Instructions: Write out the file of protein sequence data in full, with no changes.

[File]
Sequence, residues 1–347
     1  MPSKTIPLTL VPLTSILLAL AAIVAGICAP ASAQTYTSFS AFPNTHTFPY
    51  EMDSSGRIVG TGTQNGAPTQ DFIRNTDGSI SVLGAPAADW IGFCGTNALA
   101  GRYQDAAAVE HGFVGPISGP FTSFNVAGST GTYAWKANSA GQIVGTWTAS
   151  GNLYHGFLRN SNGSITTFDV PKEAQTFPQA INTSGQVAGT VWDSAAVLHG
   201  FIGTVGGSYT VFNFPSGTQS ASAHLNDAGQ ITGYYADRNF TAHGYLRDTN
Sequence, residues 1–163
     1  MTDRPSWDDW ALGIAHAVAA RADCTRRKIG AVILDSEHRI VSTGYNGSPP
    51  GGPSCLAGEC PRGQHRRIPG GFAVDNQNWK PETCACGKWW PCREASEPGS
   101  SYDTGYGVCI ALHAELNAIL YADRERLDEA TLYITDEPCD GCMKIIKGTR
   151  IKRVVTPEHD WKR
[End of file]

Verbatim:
Sequence, residues 1–347
     1  MPSKTIPLTL VPLTSILLAL AAIVAGICAP ASAQTYTSFS AFPNTHTFPY
    51  EMDSSGRIVG TGTQNGAPTQ DFIRNTDGSI SVLGAPAADW IGFCGTNALA
   101  GRYQDAAAVE HGFVGPISGP FTSFNVAGST GTYAWKANSA GQIVGTWTAS
   151  GNLYHGFLRN SNGSITTFDV PKEAQTFPQA INTSGQVAGT VWDSAAVLHG
   201  FIGTVGGSYT VFNFPSGTQS ASAHLNDAGQ ITGYYADRNF TAHGYLRDTN
Sequence, residues 1–163
     1  MTDRPSWDDW ALGIAHAVAA RADCTRRKIG AVILDSEHRI VSTGYNGSPP
    51  GGPSCLAGEC PRGQHRRIPG GFAVDNQNWK PETCACGKWW PCREASEPGS
   101  SYDTGYGVCI ALHAELNAIL YADRERLDEA TLYITDEPCD GCMKIIKGTR
   151  IKRVVTPEHD WKR